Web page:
Making money move South - Editor's Blog -

Debt transparency is a strong theme at the 2019 annual meetings of the IMF-World Bank in Washington but the challenges are huge, writes Brian Caplen.

Europe has a €300m a year savings surplus and a slew of bonds with negative yields. Surely those funds would be better off financing infrastructure in Africa and other emerging markets? 

But right now the flow is more likely to be in the other direction with sharp outflows occurring after every latest snag in the on-going US-China trade dispute. 

There are no quick solutions to this problem but a step forward was the Institute of International Finance's publication of its voluntary principles for debt transparency in June. Lending to emerging market sovereigns by the private sector on a sustainable basis can only happen if all the terms and conditions are clear. 

For this reason, debt transparency emerged as a strong theme at this year's IMF-World Bank annual meetings with concerns raised about the role of state-owned enterprises and quasi-state actors, the use of collateral such as oil and gold to enhance issues and structures such as asset-backed and public private partnerships that are generally less transparent than sovereign bonds.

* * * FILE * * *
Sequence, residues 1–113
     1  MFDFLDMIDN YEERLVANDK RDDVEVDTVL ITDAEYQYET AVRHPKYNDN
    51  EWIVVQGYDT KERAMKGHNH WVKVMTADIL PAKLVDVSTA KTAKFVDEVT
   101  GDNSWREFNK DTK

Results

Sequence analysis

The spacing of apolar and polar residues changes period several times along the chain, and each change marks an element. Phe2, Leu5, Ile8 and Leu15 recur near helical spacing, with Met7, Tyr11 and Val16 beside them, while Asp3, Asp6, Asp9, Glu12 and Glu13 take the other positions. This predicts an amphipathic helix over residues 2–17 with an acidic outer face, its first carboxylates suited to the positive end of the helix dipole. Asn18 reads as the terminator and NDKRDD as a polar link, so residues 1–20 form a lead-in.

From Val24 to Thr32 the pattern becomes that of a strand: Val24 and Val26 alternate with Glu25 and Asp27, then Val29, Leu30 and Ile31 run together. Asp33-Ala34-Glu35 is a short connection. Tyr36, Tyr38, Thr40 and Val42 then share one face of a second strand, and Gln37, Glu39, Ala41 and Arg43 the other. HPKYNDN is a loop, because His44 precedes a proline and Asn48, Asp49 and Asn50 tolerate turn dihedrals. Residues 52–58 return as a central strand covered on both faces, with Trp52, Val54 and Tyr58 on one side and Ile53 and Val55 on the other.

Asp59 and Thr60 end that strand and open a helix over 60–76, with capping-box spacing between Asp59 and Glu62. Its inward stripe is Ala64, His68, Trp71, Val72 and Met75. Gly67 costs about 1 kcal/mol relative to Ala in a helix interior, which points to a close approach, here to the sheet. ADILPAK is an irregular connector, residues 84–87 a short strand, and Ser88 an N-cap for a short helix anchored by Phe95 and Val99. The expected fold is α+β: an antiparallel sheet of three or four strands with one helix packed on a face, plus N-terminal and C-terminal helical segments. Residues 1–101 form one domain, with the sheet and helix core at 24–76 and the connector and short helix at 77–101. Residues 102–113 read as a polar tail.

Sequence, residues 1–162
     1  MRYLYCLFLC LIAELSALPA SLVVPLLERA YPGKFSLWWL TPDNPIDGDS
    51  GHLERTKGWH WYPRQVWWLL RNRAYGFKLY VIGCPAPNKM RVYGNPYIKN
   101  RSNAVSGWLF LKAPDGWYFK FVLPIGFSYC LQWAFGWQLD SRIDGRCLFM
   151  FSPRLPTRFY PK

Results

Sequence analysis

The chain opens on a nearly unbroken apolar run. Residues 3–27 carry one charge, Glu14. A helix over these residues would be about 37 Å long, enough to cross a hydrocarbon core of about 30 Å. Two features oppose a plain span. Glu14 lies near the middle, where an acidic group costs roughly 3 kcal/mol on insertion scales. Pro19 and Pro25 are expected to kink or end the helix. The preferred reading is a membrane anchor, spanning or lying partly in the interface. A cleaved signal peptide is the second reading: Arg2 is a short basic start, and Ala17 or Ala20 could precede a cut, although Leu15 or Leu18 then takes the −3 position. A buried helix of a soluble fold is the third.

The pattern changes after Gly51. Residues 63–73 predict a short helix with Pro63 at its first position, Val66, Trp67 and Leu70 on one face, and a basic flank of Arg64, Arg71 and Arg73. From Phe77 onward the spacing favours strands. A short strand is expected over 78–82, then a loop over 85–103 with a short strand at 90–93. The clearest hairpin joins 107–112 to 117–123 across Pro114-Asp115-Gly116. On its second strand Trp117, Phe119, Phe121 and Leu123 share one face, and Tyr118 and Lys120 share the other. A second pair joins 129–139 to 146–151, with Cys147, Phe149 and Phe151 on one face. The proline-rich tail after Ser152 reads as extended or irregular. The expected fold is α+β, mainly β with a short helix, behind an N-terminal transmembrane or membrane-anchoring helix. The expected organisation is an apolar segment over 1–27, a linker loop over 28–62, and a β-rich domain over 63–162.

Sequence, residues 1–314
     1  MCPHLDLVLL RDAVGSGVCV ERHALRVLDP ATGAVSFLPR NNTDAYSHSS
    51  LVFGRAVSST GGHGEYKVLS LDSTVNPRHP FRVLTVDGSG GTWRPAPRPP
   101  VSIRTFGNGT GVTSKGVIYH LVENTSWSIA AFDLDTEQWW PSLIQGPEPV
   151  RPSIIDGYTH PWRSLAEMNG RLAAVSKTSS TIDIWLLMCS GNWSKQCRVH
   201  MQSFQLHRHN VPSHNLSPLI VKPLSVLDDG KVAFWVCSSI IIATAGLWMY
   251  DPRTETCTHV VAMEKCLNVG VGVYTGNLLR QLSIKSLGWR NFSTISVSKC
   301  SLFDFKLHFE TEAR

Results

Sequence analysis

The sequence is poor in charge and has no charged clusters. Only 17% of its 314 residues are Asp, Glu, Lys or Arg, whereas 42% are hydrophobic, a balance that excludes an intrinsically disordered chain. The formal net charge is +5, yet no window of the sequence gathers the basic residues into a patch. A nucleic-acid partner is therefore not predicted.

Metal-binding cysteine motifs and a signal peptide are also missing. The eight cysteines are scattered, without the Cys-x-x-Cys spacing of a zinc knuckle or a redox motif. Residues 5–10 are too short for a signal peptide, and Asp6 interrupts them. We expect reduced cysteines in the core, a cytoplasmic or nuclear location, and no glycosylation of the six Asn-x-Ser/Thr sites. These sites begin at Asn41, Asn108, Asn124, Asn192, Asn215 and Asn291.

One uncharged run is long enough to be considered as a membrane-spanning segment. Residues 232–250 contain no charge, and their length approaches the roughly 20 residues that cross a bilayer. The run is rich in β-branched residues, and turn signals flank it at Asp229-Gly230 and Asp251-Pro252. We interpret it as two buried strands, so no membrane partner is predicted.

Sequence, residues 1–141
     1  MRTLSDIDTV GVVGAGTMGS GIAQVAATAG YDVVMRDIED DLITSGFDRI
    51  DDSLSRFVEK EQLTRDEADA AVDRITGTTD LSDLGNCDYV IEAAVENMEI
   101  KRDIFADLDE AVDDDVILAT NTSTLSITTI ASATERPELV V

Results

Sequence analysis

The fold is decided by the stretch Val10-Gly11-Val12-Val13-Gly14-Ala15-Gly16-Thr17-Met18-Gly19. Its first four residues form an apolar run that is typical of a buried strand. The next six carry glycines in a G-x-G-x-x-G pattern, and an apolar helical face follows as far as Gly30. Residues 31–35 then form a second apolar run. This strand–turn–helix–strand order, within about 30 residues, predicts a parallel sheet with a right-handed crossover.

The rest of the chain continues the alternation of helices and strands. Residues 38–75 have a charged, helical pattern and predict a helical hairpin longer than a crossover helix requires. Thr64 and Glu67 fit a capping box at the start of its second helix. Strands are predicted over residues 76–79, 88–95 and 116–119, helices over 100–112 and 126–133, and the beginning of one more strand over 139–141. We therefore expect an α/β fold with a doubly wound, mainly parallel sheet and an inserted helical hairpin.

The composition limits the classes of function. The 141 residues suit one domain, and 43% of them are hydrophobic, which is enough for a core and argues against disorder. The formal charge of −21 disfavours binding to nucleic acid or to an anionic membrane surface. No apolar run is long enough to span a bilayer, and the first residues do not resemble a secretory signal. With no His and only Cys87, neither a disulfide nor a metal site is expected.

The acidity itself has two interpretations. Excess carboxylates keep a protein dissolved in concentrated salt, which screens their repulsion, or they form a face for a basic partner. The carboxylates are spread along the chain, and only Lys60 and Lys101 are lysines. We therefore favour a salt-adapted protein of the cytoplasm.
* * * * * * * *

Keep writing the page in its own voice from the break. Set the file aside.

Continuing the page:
In a panel chaired by World Bank president David Malpass, the huge growth in China's role as a creditor, especially in Africa, was raised by Harvard professor Ken Rogoff as an additional cause of lack of debt transparency as few details of the terms were publicly available. 

The former Liberian finance minister Antoinette Sayeh said that big improvements in civil society and the role of parliament were needed in some countries to hold governments to account over their debt management policies. 

Pressure from international institutions is also vital and the World Bank included debt transparency as part of its approach to debt vulnerability in low-income countries launched back in 2018. 

The figures show how failure in this regard is more than academic. Debt to African gross domestic product has nearly doubled from 28% to more than 50% in the past five years. Get the terms and conditions right and further sustainable borrowing to finance growth is possible. Get it wrong and we will be writing about the great African debt crisis and a lost decade some time in the future. 

Brian Caplen is the editor of The Banker. Follow him on Twitter @BrianCaplen

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